There is help for those in crisis | September is suicide prevention month

Mental health conditions affect anyone regardless of age, gender or background.

September is Suicide Prevention Awareness Month, and according to the National Alliance for Mental Illness, it’s an opportunity to “shift public perception, spread hope and share vital information” to those affected by suicide.

The phone number 988 is now available nationwide as the new way to seek help for mental health, substance use and suicide crises. It’s a simple, easy-to-remember way to reach emergency professionals — just like 911. This new number will allow people to quickly connect with support during a crisis, 24/7, no matter where they live.

Although more women than men attempt suicide, men are 4x more likely to die by suicide; 79% of all people who die by suicide are male. Suicide is the second leading cause of death among people aged 10–14 and the 3rd leading cause of death among people aged 15-24 in the U.S. Suicide is the 12th leading cause of death overall in the U.S. Of those who die by suicide, 46 percent had a diagnosed mental health condition — but research shows that 90% may have experienced symptoms of a mental health condition. The highest rates of suicide in the U.S. are among American Indian/Alaska Natives followed by non-Hispanic whites. Lesbian, gay and bisexual youth are nearly four times more likely to attempt suicide than straight youth. Transgender adults are nearly nine times more likely to attempt suicide than the general population.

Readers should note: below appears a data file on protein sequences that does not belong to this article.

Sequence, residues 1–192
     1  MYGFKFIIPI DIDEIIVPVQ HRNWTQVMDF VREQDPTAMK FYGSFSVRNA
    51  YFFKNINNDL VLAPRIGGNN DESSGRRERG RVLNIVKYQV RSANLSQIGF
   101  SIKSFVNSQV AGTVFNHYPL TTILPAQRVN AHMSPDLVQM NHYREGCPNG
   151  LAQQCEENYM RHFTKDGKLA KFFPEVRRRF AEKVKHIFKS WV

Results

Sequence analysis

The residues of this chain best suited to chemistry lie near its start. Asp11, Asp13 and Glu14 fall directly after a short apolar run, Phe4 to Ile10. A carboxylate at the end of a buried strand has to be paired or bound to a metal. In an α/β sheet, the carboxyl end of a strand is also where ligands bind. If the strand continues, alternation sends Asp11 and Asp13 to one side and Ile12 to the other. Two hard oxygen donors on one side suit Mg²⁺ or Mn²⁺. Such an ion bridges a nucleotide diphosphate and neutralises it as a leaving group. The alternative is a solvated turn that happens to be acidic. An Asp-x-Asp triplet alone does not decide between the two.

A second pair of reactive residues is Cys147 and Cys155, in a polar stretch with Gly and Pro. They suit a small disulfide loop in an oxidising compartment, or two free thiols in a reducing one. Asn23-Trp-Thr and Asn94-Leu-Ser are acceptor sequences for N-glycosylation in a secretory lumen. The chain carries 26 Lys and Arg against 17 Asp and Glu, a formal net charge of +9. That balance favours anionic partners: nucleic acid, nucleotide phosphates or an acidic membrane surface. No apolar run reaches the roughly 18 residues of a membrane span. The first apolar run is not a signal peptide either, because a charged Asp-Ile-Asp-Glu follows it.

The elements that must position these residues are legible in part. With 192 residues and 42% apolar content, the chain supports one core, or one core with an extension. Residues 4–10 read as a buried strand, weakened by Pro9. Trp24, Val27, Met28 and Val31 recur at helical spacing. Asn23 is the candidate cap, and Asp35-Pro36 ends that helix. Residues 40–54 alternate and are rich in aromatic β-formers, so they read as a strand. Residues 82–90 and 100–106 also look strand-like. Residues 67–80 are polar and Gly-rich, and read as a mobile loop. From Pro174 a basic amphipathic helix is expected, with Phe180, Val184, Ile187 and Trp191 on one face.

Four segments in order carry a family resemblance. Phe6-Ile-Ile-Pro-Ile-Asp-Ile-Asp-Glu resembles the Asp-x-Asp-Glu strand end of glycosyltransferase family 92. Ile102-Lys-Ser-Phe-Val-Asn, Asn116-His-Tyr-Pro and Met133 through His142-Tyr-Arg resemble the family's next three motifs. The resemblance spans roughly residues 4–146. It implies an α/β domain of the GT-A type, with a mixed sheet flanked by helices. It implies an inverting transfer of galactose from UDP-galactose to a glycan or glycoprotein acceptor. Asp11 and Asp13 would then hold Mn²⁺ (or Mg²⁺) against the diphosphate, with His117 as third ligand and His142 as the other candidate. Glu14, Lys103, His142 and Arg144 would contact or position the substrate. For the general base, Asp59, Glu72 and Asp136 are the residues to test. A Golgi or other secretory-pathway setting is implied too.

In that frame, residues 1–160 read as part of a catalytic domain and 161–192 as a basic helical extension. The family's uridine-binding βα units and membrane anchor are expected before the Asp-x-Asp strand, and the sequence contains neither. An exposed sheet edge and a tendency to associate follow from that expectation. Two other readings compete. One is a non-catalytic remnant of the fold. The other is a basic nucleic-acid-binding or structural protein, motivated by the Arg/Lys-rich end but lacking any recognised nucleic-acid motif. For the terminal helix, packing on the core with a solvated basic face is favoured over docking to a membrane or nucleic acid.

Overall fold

Among the highest priorities for the Washington State Department of Veterans Affairs is preventing suicide among service members, veterans and their families.

According to WDVA Director Alfie Alvarado-Ramos, since 2019, the department’s suicide prevention program has worked tirelessly to provide aid to those experiencing suicidal ideation.

“In the past year, our suicide prevention team has increased from a team of one to a team of eight, with four Peer Specialists placed strategically throughout the state of Washington in our NW, SW, Central and Eastern regions. Each specialist is uniquely qualified to provide peer-based consultation, education, and connections to resources,” he wrote in a press release. “Suicide prevention is everyone’s business, and it is toward that end the Washington State Legislature provided funding to the WDVA to bolster our efforts.”

If you would like to learn how to become a suicide prevention advocate, or are in need of assistance please call Codie Garza or any member of the Suicide Prevention team at, or 360-522-2894.

Crisis resources

• If you or someone you know is experiencing a mental health crisis, call or text 988 immediately.

• If you are uncomfortable talking on the phone, you can chat with the Suicide & Crisis Lifeline at

• You can also text NAMI to 741-741 to be connected to a free, trained crisis counselor on the Crisis Text Line.